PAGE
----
The story details the adventures of a canceled television science fiction fantasy cast, similar in content to "Star Trek." "Galaxy Quest" is the name of the program. In their years, the stars, including Jason Nesmith, Gwen DeMarco, Fred Kwan, Alexander Dane, and Tommy Webber, were some of the biggest, most popular names in TV. Now, their means of making a living is signing fans' autographs for a price and being cast in amateur presentations.
There is very detailed character development here. The characters are wonderfully cast and brilliantly portrayed. Unfortunately, most family films don't contain the patience for such necessary material. We bond with these characters; they are likable, funny, energetic and independent. These individuals are the key of success to this kind of movie.
The real plot begins when strange people come to Jason beging for him to save their existence from a powerful evil force who wishes to wipe them out of the universe forever. Naturally, at first our television star is skeptical, but when the strange people turn out to be humble aliens and transport Jason to their spaceship, he realizes this is something serious. The aliens begin to explain that they think he and his "Galaxy Quest" team are the only people in the universe who can save their race. He rushes to the members of his old cast and tries to justify his experience. He says that there are extraterrestrial creatures who require the help of their "Galaxy Quest" characters. None of his friends believe him, but once again give in when they find themselves transported off earth, onto the creature's spaceship. Of course, the aliens don't realize that their hopeful heroes are simply out of work actors, but who needs to tell them? So it is up to Commander Peter Quincy Taggart, Lt. Tawny Madison, Tech Sergeant Chen, Dr. Lazarus of Tev'Meck, and Lt. Laredo to save the day for our innocent and haunted alien life forms.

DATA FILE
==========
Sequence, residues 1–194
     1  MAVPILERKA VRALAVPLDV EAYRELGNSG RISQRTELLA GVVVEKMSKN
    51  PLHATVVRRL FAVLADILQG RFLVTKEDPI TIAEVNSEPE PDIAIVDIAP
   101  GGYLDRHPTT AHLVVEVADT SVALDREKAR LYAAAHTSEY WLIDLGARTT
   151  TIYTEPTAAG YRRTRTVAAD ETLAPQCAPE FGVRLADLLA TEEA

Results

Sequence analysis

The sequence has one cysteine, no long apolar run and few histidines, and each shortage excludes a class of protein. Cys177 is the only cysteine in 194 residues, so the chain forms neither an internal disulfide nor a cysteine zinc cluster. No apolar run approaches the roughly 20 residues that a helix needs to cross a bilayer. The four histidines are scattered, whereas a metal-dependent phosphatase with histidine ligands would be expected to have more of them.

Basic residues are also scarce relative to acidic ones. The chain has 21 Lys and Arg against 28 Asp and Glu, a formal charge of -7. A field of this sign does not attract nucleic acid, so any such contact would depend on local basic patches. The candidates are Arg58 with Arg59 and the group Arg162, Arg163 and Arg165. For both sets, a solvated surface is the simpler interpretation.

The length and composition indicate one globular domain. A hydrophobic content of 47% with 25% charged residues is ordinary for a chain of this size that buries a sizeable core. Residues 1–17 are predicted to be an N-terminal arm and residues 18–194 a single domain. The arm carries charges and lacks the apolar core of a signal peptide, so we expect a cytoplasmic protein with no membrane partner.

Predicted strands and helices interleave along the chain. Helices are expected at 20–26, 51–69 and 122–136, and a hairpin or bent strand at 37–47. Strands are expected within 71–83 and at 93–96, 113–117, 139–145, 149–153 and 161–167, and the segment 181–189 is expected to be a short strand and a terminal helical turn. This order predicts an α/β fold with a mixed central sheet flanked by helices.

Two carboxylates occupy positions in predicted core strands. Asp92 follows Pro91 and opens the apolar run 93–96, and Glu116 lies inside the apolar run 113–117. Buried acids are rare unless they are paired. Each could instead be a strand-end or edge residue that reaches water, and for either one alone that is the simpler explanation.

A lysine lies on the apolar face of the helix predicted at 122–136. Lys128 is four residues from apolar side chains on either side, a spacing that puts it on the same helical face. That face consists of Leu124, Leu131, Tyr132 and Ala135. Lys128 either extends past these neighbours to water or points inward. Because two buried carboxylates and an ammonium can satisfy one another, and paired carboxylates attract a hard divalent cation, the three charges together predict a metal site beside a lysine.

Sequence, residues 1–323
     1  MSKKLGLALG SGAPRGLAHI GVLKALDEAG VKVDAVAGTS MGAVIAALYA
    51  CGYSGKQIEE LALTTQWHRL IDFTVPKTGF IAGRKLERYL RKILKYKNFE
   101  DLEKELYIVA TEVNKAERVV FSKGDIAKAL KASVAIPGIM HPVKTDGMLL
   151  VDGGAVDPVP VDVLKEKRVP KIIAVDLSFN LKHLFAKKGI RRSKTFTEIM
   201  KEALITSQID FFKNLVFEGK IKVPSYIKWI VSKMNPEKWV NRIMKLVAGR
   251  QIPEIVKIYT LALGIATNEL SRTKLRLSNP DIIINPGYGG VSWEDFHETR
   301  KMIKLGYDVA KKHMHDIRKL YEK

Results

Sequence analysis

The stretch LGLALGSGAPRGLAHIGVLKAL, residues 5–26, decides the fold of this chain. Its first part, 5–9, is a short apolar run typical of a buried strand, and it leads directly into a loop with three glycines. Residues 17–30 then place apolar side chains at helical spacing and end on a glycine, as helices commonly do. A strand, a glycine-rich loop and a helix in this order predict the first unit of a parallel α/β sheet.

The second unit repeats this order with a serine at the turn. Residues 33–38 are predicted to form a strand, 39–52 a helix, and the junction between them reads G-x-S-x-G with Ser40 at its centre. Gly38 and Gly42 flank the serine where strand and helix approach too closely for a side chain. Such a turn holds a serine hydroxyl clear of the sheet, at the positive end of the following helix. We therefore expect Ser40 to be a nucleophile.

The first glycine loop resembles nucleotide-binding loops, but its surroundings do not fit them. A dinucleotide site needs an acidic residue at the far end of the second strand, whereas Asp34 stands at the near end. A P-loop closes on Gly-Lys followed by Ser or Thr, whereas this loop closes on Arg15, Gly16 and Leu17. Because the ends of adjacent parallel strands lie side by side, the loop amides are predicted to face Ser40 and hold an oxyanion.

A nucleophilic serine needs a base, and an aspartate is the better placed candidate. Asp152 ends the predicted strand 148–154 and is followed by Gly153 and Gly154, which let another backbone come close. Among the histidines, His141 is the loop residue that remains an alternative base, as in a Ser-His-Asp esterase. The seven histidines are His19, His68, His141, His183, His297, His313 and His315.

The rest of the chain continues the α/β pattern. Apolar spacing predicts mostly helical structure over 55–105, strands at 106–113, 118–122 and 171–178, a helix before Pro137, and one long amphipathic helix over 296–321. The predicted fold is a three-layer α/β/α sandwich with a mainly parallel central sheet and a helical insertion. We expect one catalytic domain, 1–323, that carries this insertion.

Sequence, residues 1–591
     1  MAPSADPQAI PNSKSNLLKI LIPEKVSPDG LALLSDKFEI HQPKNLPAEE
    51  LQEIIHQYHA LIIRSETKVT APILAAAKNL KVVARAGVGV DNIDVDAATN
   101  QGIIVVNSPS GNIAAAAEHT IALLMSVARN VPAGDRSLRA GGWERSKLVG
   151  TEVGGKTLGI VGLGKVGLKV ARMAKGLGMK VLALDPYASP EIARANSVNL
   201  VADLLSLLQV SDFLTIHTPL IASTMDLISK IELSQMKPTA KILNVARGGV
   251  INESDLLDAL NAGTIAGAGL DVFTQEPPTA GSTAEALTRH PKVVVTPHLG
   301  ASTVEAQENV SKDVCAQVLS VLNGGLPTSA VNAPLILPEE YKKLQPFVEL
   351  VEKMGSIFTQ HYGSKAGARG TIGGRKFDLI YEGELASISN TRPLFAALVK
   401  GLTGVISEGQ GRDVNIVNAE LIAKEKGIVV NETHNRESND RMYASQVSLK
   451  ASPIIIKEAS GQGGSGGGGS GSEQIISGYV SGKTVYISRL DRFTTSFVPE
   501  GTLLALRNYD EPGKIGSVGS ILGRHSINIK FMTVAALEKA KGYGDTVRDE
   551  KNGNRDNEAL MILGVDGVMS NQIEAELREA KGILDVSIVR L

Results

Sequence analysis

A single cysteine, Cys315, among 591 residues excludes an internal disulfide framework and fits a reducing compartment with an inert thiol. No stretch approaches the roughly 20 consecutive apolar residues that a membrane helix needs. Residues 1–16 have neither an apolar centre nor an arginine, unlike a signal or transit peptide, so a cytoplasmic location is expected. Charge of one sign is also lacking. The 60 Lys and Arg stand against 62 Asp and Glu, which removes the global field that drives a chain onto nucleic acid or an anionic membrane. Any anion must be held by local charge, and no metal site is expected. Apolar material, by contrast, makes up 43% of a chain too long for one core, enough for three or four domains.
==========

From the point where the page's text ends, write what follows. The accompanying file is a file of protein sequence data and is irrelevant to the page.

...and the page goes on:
"Galaxy Quest" is a slapstick comedy that is smart, and does not go over the edge with its humorous material. It leaves room for several other essential elements such as happiness, romance, honesty, excitement, and contains a dramatic purpose. The story is very original, and contains a firm theme of action in its premise. It also has lots of outstanding visual effects and sight gags that are effective and interesting to watch.
Although the film gets a little off-track near the end, "Galaxy Quest" is still high energy laughs audiences will come to the theater expecting. This is one of the most victorious movies of this year in its execution of the script because we anticipate what we are going to view is a silly comic spoof. Even though parts of the film fit that definition, in the end we end up with a lot more than that.
Brought to you by DreamWorks Pictures.